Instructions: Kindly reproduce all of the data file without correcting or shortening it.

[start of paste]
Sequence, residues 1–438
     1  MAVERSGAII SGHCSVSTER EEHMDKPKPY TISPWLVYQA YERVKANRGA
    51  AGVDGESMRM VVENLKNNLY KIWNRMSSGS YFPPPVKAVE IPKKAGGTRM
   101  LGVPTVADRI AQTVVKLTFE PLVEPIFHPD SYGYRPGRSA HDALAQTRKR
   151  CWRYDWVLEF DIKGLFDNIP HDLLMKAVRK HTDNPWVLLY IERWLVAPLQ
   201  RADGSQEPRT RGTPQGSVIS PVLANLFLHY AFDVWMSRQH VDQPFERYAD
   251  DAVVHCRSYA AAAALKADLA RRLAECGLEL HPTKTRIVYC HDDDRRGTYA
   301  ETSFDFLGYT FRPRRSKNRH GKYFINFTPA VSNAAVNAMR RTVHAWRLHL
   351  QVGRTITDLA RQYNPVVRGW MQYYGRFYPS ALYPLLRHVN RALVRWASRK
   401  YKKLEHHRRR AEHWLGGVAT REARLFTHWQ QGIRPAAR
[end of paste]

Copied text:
Sequence, residues 1–438
     1  MAVERSGAII SGHCSVSTER EEHMDKPKPY TISPWLVYQA YERVKANRGA
    51  AGVDGESMRM VVENLKNNLY KIWNRMSSGS YFPPPVKAVE IPKKAGGTRM
   101  LGVPTVADRI AQTVVKLTFE PLVEPIFHPD SYGYRPGRSA HDALAQTRKR
   151  CWRYDWVLEF DIKGLFDNIP HDLLMKAVRK HTDNPWVLLY IERWLVAPLQ
   201  RADGSQEPRT RGTPQGSVIS PVLANLFLHY AFDVWMSRQH VDQPFERYAD
   251  DAVVHCRSYA AAAALKADLA RRLAECGLEL HPTKTRIVYC HDDDRRGTYA
   301  ETSFDFLGYT FRPRRSKNRH GKYFINFTPA VSNAAVNAMR RTVHAWRLHL
   351  QVGRTITDLA RQYNPVVRGW MQYYGRFYPS ALYPLLRHVN RALVRWASRK
   401  YKKLEHHRRR AEHWLGGVAT REARLFTHWQ QGIRPAAR